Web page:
3. Operate a drone without Remote ID but at specific FAA-recognized identification areas


More detailed information on this final rule can be found in the executive summary of the Final Rule on Remote Identification of Unmanned Aircraft (Part 89). The executive summary also includes a section on major changes from the proposed rule to the final rule:

  • Network-based / Internet transmission requirements have been eliminated. The final rule contains Broadcast-only requirements.

  • UAS operators under the Exception for Limited Recreational Operations may continue to register with the FAA once, rather than registering each aircraft. However each Standard UA or Broadcast Module serial number must also be entered into the registration record for the unmanned aircraft.

  • ‘Limited Remote ID UAS’ has been eliminated and replaced with Remote ID Broadcast Module requirements to enable existing UA to comply.

  • FRIA applications may be submitted to the FAA beginning 18 months after the effective date of the rule, and applications may be submitted at any time after that.

  • Educational institutions may now apply for FRIAs as well as community-based organizations.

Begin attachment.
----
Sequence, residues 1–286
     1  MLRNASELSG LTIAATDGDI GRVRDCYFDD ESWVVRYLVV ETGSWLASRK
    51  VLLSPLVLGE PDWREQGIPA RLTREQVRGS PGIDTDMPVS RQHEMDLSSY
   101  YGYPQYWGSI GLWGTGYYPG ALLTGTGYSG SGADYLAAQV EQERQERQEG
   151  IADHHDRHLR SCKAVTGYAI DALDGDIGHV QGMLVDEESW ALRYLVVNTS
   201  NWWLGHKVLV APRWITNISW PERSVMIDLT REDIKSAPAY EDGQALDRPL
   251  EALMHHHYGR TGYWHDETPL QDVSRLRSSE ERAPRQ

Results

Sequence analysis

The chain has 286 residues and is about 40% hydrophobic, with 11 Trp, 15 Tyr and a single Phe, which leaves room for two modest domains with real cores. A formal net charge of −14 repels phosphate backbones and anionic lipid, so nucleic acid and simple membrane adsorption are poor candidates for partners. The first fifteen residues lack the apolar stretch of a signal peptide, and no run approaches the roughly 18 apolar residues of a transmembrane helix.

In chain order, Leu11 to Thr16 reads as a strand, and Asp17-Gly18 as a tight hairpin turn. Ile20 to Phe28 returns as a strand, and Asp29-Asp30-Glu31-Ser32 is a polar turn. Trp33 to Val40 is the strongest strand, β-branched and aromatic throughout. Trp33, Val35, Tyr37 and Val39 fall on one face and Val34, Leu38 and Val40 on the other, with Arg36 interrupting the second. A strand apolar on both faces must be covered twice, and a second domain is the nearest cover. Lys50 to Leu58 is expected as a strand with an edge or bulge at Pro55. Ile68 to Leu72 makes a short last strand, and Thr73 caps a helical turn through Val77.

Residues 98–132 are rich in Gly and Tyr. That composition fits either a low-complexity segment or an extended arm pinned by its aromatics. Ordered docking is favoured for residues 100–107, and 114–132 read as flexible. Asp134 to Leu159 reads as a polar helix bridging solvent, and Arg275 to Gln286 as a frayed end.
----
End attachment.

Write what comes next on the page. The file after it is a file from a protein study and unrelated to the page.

The final rule on flight operations over people (OOP) and at night has been highly anticipated. Because of the current Part 107 federal regulations, pilots are prohibited from operating at night and over people. To do so requires a waiver from the FAA. With the new rule, these operations are allowed depending on the operation's level of risk. They are permitted based on four categories of eligibility. These categories are covered in detail in the executive summary. Before operating at night, remote pilots must complete either the updated initial test or the updated recurrent online training.


Per the new rules, small drone operators must have their remote pilot certificate and identification in their physical possession when operating if they need to present them to authorities. Also, the requirement to complete a recurrent test every 24 calendar months has been replaced with a requirement to complete updated recurrent training that includes operating at night in identified subject areas. Drone manufacturers will have 18 months to begin producing drones with Remote ID. Then operators will have an additional year to start using them. For more information and inquiries related to this announcement, citizens are directed to contact the FAA by calling 844-FLY-MY-UA or emailing the FAA at pressoffice@faa.gov.


Tyesha Ferron is a writer and an artist based in Atlanta, Georgia. Specializing in digital art, Tyesha loves exploring the new ways technology intersects with culture and how drones make things more efficient and accessible for artists, hobbyists, and industry professionals. As a novice drone enthusiast, she continues to be impressed by what the drone community and industry can accomplish.


Instagram: @tyesha.ferron